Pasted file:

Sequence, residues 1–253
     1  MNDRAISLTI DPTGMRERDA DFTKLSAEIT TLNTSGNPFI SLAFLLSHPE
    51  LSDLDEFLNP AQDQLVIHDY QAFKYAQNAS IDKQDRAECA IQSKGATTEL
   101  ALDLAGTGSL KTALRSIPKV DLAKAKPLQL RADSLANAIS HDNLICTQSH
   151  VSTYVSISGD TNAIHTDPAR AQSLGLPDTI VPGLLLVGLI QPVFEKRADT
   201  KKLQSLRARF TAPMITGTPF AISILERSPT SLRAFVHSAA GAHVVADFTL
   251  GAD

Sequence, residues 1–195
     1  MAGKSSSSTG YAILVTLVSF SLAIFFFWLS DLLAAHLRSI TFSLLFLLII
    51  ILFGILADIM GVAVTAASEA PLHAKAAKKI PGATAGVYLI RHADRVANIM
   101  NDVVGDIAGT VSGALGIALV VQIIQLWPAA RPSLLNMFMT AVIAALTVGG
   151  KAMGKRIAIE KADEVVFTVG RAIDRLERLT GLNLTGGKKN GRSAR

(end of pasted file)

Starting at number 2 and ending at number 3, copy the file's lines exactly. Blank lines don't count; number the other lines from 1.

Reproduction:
     1  MNDRAISLTI DPTGMRERDA DFTKLSAEIT TLNTSGNPFI SLAFLLSHPE
    51  LSDLDEFLNP AQDQLVIHDY QAFKYAQNAS IDKQDRAECA IQSKGATTEL